The FDIC maintains the insurance fund by assessing a premium on member institutions. The amount each institution is assessed is based both on the balance of insured deposits as well as on the degree of risk the institution poses to the fund. When the FDIC assumes control of a failed institution, it uses the insurance fund to pay depositors their insured balances. This results in a loss to the fund that must be replenished from the assets of the failed bank or from member bank premiums. In the event that the FDIC exhausts the insurance fund and cannot meet obligations with advances from member banks, it has a statutory $100 billion line of credit from the federal Treasury.
To receive this benefit, member banks must follow certain liquidity and reserve requirements. Banks are classified in five groups according to their risk-based capital ratio:
When a bank becomes undercapitalized, the institution's primary regulator issues a warning to the bank. When the number drops below 6%, the primary regulator can change management and force the bank to take other corrective action. When the bank becomes critically undercapitalized the chartering authority closes the institution and appoints the FDIC as receiver of the bank.
At Q4 2010 884 banks had very low capital cushions against risk and were on the FDIC's "problem list".
Upon a determination that a bank is insolvent, its chartering authority--either a state banking department or the U.S. Office of the Comptroller of the Currency--closes it and appoints the FDIC as receiver. In its role as a receiver the FDIC is tasked with protecting the depositors and maximizing the recoveries for the creditors of the failed institution. The FDIC as receiver is functionally and legally separate from the FDIC acting in its corporate role as deposit insurer. Courts have long recognized these dual and separate capacities as having distinct rights, duties and obligations.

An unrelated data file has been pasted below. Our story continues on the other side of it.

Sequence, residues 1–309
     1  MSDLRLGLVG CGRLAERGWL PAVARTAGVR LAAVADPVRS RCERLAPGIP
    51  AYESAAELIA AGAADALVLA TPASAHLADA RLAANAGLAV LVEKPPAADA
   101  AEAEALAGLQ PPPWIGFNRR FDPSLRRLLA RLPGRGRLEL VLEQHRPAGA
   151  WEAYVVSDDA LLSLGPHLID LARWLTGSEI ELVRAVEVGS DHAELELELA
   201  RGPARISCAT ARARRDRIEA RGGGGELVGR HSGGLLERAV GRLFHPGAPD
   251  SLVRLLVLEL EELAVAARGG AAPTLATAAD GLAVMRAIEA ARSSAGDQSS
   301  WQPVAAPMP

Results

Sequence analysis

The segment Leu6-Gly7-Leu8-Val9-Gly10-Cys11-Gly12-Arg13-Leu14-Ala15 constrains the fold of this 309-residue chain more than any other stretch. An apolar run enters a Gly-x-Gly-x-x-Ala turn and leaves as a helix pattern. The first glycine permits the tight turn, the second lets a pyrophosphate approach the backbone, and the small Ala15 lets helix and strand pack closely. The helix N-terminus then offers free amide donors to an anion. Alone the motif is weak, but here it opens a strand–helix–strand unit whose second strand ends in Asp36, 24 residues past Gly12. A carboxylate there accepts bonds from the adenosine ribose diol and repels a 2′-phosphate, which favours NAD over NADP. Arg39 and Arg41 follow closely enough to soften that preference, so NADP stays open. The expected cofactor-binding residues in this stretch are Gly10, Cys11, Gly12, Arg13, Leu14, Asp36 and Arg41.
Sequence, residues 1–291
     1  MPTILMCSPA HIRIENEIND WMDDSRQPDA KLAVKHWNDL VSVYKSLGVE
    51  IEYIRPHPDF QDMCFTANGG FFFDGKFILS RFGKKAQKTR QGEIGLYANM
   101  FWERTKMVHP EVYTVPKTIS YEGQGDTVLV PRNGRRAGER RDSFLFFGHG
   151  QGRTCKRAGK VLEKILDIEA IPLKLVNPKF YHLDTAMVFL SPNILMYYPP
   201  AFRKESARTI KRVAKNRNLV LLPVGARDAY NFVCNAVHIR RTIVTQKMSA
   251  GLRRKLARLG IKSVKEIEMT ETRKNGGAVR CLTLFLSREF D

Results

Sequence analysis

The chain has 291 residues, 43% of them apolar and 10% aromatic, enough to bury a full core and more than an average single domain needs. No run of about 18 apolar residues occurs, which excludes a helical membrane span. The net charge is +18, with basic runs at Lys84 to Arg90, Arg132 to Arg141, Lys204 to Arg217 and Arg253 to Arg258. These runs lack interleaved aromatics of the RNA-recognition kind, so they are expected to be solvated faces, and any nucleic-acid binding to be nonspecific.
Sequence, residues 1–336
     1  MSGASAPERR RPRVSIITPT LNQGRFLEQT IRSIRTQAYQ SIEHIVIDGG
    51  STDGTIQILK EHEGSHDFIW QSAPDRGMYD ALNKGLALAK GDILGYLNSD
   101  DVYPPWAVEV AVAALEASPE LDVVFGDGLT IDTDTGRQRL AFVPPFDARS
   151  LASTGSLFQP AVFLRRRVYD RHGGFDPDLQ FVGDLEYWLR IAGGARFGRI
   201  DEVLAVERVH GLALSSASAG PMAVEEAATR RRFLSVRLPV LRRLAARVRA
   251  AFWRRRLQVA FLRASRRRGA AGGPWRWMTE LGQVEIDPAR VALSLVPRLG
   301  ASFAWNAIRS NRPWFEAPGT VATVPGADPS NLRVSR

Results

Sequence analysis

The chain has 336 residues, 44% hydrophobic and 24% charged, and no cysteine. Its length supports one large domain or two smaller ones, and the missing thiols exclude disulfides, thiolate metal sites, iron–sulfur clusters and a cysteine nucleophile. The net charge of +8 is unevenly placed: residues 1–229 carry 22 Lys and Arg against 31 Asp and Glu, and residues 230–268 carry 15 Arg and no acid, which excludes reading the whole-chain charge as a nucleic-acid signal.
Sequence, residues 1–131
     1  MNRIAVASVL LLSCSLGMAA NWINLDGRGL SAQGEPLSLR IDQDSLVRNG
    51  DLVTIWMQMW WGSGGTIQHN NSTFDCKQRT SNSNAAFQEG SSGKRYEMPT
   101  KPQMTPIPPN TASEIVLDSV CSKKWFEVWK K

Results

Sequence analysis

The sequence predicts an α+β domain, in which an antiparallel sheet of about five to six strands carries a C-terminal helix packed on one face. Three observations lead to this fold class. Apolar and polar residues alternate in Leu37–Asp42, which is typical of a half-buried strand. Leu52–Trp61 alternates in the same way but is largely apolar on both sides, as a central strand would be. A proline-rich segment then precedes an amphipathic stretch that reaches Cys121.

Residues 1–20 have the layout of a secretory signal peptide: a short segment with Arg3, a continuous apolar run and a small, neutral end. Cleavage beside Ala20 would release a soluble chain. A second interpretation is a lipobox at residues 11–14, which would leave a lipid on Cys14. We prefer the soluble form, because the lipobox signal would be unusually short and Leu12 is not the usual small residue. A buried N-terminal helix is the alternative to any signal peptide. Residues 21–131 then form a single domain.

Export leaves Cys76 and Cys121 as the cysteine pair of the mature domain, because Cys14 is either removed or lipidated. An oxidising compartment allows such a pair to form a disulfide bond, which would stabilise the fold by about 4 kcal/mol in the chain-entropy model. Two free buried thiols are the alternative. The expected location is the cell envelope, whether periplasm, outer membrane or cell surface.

The goals of receivership are to market the assets of a failed institution, liquidate them, and distribute the proceeds to the institution's creditors. The FDIC as receiver succeeds to the rights, powers, and privileges of the institution and its stockholders, officers, and directors. It may collect all obligations and money due to the institution, preserve or liquidate its assets and property, and perform any other function of the institution consistent with its appointment. It also has the power to merge a failed institution with another insured depository institution and to transfer its assets and liabilities without the consent or approval of any other agency, court, or party with contractual rights. It may form a new institution, such as a bridge bank, to take over the assets and liabilities of the failed institution, or it may sell or pledge the assets of the failed institution to the FDIC in its corporate capacity.